FIGS. 1 through 3 best illustrate the preferred embodiment of the apparatus of the present invention generally designated by the numeral 10. As is illustrated in the figures, there can be seen apparatus 10 having unitary support frame 12 comprising a pair of generally parallel support arms 14 and 16 integrally connected at their lower most end by floor portion 24. The pair of support arms 14 and 16 generally define a U-shaped support frame 12, for housing the remaining portions of the apparatus as will be discussed further. Generally, support arms 14 and 16 have a upper neck portion 17 and 19, each of which is open ended and attachable to support bracket 20, as illustrated in FIGS. 4 & 5 in front and side view respectively and in partial view in FIG. 3. Support arms 14 and 16, being generally parallel, extend downward from the neck portions 17 & 19 to a flared lower portion 21 and 23, the lower most ends of flared portions 21 and 23 being integrally connected by welding or the like to floor portion 24 as discussed earlier. The space 25 therebetween defined by portions 21 and 23 rotatably house drive wheel 26, as seen in FIGS. 1 & 2, in partial side view, drive wheel 26 being centrally rotatable on bolt 27, which extends between the outer most portions of broad support sections 17 and 19 and is attached on its other end with a nut means 28 as seen in FIG. 4.
As is further illustrated in FIG. 2, floor portion 24, is generally convexly curvatured to accommodate the passage of the drive wheel 26 during the rotating of the wheel 26. Drive wheel 26 is generally a metalic wheel which has a flattened exterior track section, making contact with cable or tubing 30, as illustrated in FIGS. 1 and 2.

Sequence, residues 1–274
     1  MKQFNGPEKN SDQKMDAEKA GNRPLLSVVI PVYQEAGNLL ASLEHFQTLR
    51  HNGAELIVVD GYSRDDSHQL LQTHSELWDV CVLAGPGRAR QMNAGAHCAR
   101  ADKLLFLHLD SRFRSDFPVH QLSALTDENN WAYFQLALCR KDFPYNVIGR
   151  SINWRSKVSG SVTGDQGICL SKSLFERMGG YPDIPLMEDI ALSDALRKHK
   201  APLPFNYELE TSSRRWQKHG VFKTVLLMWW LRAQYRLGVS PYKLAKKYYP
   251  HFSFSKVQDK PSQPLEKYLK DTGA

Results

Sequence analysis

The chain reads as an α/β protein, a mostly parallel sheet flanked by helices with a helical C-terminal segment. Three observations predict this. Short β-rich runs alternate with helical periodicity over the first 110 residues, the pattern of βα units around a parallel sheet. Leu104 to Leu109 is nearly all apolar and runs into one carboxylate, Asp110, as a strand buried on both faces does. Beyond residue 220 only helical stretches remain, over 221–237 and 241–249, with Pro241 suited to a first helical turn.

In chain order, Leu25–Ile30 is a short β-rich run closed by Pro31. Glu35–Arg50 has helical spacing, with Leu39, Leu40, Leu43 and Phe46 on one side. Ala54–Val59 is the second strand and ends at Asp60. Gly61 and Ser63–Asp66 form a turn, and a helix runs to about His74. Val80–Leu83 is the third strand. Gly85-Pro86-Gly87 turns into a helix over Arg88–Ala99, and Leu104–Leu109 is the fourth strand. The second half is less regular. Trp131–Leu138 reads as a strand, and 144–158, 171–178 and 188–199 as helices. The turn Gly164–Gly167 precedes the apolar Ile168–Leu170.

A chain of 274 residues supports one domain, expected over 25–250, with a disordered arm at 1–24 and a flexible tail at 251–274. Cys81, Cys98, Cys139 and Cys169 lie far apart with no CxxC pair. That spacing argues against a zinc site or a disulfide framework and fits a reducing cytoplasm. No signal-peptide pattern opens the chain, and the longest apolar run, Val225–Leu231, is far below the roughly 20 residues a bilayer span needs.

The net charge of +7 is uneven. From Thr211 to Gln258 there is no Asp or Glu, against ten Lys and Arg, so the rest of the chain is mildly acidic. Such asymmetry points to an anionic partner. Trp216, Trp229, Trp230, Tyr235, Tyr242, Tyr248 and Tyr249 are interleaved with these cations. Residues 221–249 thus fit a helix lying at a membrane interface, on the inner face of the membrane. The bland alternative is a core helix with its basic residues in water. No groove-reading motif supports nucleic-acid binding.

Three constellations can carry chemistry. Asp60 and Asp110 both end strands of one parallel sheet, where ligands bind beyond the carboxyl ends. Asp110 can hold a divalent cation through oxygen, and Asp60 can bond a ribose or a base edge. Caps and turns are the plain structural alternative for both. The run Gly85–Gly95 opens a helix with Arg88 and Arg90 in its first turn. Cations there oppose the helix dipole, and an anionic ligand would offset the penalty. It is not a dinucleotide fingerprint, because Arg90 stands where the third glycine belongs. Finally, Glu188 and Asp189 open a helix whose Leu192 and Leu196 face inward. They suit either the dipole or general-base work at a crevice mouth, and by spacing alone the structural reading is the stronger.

The upper most section of support frame 12 would house idler wheel support section 32, which, as is illustrated in the preferred embodiment in FIG. 2, is generally a central box support area 35 having a horizontally disposed top portion 36, and vertical wall portions 37 and 38. Extending outward vertically from each wall portion 37 and 38 are wheel support sections 41, 42, 43 and 44. Each idler wheel 46 and 48 is rotatably mounted between support arms 41, 42, and 43, 44 respectively. As with the drive wheel 26, idler wheels 46 and 48 are rotating on a central axis defined by bolts 50 and 52 extending throughout support arms 41, 42 and 43, 44 respectively of idler wheel support frame 32. As is further illustrated in side view of FIG. 2, and cut-away view in FIG. 3, idler wheel support section 32 is disposed through the upper ends of support frame 12, by a bolt 54, which extends through the exterior of one side of support frame 12, through box support area 35 in support section 32, and through T-shaped bracket support 60, the horizontal portion of which defines an elongated collar section 62 for passage of bolt 54 therethrough, and the vertical bolt extension 63 integrally connected to and extending off the top portion of collar section 62 and extending through opening 64 in top portion 36 of idler wheel support section 32. Bolt 63 would engage thereupon spring 65, which would be tensionally engaged between the upper face 36 of box section 32 and wing nut 66.
In the preferred embodiment, as illustrated in partial perspective side view in FIG. 3, idler wheels 46 and 48 have V-shaped grooves to accommodate the passage of tubing 30 between idler wheels 46 and 48 and drive wheel 26. It is essential that the tension be maintained between idler wheels 46 and 48 and drive wheel 26, so that the passage of tubing 30 therebetween, frictionally engages drive wheel 26 to a point whereby drive wheel 26 is rotated. This is accomplished by selectively imparting tension between idler wheels 46 and 48 and drive wheel 26 by means of tightening or loosening of wing nut 66. In the preferred embodiment, as wing nut 66 is tightened, spring 65 imparts tension between wing nut 66 and idler wheel frame 32, thus imparting downward pressure on idler wheels 46 and 48 onto tubing 30. Since T-support bracket 60 is mounted at the upper portion of frame 32, the bracket serves as an immovable mount and thus frame 32 must react to the pressure imparted by spring 60, thus exerting pressure onto tubing 30 by idler wheels 46 and 48 onto drive wheel 26.